Machine learning research doesn’t yet have an agreed-upon elevator pitch. And trying to coerce one prematurely seems like a waste of resources. Dissent and diversity of viewpoints are valuable. Big science mandates overbearing bureaucracy and some amount of groupthink, and sometimes that’s necessary. If, as in physics, an entire field already agrees about what experiments come next and these happen to be thousand-man jobs costing billions of dollars, then so be it.

But right now, in machine learning research, most recent breakthroughs come from pods of 1-4 researchers working with 1-4 NIVIDA GPUS (graphics cards used to speed up neural network computations) on a single computer. Even within the big labs – most papers come from the concerted efforts of small groups of researchers. We don’t need to collect the community in one place. Even now, when a glut of scientists exists in one place, it’s not clear there’s a significant benefit compared to when they’re dispersed. For example, in most of my career at universities and industry labs, my work usually has deeper connections to some other project scattered around the world than to the projects going on in adjacent offices.

Nearly all AI research projects require thousands of dollars of computing resources (not millions or billions). We don’t yet require squillion-dollar microscopes or particle-identification detectors. I suspect that even for Alpha-Go, perhaps the most capital-intensive machine learning project in recent memory, the primary costs were employee salaries. Among scientific and engineering disciplines, ML research has little dependence on buried trade secrets. Research papers and code are increasingly shared publicly and the most interesting experiments in the field can often be reproduced in just hours and the scarcest resources are still salaries, good mentors, free time, and the elusive carte blanche to work on interesting problems.

Reflections from Yerevan

Two weeks ago, I arrived in Yerevan, Armenia to attend the Machine Learning for Discovery Sciences workshop co-sponsored by the National Science Foundation (NSF) and the Foundation for Armenian Science and Technology. The workshop brought invited speakers from around the world to Yerevan to give short talks on their research, participate in panel discussions, and engage in a day of roundtables to discuss recommendations for the development of sciences in Armenia and future collaborations with US researchers and institutions.

YerevaNN co-founder Hrant Khachatrian speaks on deep learning for medicine at the Machine Machine Learning for Discovery Sciences workshop in Yerevan

Admittedly, I arrived fairly ignorant about the country of Armenia. Primarily, I knew the course outlines of the atrocities committed against ethnic Armenians during World War I. From time spent in Los Angles, I had eaten some Armenian food and knew that the golden state was home to one of the large diaspora communities. I also have been enamored of the music of Tigran Hamasyan, a singular pianist whose music pulls together djent/thrash metal, Armenian folk melodies and ornamentation, and modern jazz improvisation practice into an amalgam that sounds on paper like it should go horribly wrong, but miraculously never does.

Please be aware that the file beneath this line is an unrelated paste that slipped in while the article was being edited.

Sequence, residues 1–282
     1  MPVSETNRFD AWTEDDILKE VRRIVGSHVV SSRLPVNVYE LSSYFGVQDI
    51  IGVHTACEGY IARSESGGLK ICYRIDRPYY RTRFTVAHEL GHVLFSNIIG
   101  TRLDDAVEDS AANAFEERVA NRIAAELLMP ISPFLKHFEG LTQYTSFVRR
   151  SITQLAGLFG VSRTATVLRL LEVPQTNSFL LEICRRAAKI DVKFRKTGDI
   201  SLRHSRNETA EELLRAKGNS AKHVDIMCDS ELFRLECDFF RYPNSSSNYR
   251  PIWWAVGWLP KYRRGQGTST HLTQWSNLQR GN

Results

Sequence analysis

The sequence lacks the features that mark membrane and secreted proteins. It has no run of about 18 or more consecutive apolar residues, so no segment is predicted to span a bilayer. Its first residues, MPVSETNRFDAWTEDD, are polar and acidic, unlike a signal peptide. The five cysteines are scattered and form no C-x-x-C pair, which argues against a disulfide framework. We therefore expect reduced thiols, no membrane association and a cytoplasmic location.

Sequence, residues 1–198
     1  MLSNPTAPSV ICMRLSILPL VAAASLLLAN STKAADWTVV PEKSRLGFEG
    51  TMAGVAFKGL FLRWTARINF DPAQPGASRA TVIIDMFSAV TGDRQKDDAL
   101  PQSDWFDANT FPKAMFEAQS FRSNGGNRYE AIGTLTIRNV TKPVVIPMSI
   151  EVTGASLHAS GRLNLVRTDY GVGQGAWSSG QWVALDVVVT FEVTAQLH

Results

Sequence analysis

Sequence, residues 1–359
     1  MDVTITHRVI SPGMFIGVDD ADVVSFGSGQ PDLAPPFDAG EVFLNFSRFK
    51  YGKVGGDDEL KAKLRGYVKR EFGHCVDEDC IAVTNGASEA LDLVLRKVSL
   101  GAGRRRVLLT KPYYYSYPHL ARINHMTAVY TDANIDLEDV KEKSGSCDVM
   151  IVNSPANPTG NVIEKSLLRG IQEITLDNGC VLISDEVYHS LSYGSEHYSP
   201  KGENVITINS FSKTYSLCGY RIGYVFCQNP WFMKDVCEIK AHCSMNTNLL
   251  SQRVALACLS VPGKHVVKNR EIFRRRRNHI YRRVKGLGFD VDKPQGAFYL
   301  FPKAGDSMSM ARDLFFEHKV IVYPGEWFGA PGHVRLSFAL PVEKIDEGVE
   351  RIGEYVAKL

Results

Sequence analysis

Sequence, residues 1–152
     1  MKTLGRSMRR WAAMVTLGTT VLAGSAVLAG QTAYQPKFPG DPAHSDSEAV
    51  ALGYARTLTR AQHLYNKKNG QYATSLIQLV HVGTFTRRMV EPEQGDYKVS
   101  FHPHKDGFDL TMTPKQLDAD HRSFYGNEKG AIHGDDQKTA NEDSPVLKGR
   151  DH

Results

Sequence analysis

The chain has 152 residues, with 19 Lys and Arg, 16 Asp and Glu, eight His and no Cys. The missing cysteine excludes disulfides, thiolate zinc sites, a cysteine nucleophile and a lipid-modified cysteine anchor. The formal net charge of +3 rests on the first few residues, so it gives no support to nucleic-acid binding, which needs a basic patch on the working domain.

But one month ago, I couldn’t have told you the population of Armenia (3M), its income per capita (3600 USD per person), its neighbors (Iran, Turkey, Georgia, Azerbaijan), or the history of its economy, which collapsed following the dissolution of the USSR owing to a strong dependence on the Soviet military-industrial complex.

Over the course of one week in Armenia’s capital, Yerevan, I participated in a crash course on machine learning by day and at all other times (besides those wee hours spent either sleeping or working on papers with Californian collaborators) participated in a crash course on Armenia itself, learning my way around Yerevan’s streets, food, music, and most importantly, getting to know their students – emerging AI researchers searching for and creating opportunities in the Armenian capital.

Armenian cheese, herbs, and flatbread, in the countryside following the NSF-FAST workshop.

I could write an entire post about the workshop proper. Workshop co-chairs Aram Galstyan and Naira Hovakimyan pulled together a terrific group of professors and researchers from theory (Arnak Dalayan, Negar Kiyavash, Mesrob Ohannessian, Nathan Srebro), NLP (Jerry Hobbs), computational social science (Katy Pearce, Daniel Larremore), and medicine (David Kale, Kristina Simonyan), graph mining (Tina Eliassi-rad, Danai Koutra, Zoran Obradovic), and more. I could write an entire post about the talks, another about the food, and a third about the music. And someone more knowledgable than me could write about the societal political significance (the president attended the gala!) of the workshop at the level of governments and institutions. But I suspect that the future of AI research in Armenia has less to do with invited guests and more to do with the next generation of researchers.

A view from the university